road vehicle, a railway vehicle or a ship on a domestic voyage and that is used as a
refrigerant in a small means of containment if
(a) the consignor includes, on a document that accompanies the small means of
containment, the words “Dry ice as refrigerant” or “Neige carbonique comme
(b) the small means of containment in which the dry ice is used as a refrigerant is
designed and constructed to permit the release of carbon dioxide to prevent the
build-up of pressure that could rupture the small means of containment [Schedule
2, Special Provision 18].
Safety marks are labels, placards, UN numbers and package markings. They are
described in Part 4 of the TDG Regulations. The consignor is responsible for displaying
safety marks on all means of containment containing dangerous goods [Section 4.4].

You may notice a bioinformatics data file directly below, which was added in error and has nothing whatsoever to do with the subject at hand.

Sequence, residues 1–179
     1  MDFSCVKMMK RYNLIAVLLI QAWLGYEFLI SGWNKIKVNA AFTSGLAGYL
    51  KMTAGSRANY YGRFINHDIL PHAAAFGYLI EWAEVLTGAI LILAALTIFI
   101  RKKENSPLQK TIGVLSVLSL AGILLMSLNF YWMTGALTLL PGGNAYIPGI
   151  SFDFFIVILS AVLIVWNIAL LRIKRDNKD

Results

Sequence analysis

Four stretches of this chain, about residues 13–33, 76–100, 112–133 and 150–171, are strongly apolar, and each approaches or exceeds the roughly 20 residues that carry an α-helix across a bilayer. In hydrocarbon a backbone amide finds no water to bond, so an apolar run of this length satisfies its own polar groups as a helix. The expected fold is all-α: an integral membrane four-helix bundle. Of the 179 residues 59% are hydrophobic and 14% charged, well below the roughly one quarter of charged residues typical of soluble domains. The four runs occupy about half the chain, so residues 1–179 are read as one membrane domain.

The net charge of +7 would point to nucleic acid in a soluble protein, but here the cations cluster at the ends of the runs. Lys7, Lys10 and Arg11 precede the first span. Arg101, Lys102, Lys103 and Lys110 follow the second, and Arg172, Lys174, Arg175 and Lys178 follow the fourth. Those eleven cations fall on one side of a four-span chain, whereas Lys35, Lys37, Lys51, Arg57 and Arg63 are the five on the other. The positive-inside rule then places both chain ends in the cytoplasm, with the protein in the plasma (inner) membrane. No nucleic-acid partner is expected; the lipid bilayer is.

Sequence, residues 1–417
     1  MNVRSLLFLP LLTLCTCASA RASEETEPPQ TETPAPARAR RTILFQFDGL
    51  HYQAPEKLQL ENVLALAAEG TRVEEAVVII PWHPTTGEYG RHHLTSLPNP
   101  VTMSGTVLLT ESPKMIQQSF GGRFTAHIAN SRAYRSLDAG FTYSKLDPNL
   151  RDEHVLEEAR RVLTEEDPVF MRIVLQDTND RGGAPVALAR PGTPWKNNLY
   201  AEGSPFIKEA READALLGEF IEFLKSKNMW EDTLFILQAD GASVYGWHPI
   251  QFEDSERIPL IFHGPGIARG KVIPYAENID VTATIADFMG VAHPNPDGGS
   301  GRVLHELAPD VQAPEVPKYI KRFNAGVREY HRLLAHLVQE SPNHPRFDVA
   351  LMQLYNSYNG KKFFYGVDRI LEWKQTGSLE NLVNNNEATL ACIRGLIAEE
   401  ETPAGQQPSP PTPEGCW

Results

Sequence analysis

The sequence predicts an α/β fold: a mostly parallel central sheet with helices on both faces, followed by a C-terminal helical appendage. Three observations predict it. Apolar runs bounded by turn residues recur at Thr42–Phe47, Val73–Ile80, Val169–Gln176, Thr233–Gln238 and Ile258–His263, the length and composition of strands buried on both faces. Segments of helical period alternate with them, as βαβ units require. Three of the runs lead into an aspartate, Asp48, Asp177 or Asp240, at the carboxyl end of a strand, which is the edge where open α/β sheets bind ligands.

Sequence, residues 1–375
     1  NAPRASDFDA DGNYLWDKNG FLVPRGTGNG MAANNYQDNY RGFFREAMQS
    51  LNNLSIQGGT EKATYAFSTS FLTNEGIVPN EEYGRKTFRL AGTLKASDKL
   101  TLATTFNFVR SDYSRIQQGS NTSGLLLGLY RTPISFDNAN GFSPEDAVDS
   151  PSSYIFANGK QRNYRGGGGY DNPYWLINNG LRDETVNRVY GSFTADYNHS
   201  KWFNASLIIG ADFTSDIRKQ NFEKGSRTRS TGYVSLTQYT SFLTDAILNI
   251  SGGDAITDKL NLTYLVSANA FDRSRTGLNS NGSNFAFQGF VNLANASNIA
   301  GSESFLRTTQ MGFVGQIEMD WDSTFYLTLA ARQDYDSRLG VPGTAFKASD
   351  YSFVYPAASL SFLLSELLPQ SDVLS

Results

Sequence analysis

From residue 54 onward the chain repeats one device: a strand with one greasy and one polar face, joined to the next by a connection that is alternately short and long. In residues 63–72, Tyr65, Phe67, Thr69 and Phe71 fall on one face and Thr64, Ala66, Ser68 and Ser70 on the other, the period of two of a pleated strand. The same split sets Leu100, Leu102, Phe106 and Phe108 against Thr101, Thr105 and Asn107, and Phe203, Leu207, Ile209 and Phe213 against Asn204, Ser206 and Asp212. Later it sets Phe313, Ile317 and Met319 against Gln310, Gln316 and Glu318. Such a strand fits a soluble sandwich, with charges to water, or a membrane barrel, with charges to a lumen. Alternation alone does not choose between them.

The carrier is responsible for making sure that the safety marks remain displayed during
transport. The carrier is also responsible for removing or changing the safety marks if the
requirements for dangerous goods safety marks change during transport [Section 4.5].
Small Means of Containment
When dry ice is transported for purposes other than as a refrigerant, the TDG regulations
apply. Each small means of containment (450 l or less) must be clearly marked with a
Class 9 dangerous goods label, the shipping name and the UN number [Sections 4.10 to
The requirements to be a UN container specified under Section 5.12 of the TDG
Regulations, does not apply to dry ice if it was handled, offered for transport or transported
in a small means of containment designed, constructed, filled, closed, secured and
maintained so that under normal conditions of transport, including handling, there will be
no accidental release of the dangerous goods that could endanger public safety [Schedule
2, Special Provision 81].
The UN number for a dangerous goods label can be placed inside the label or next to the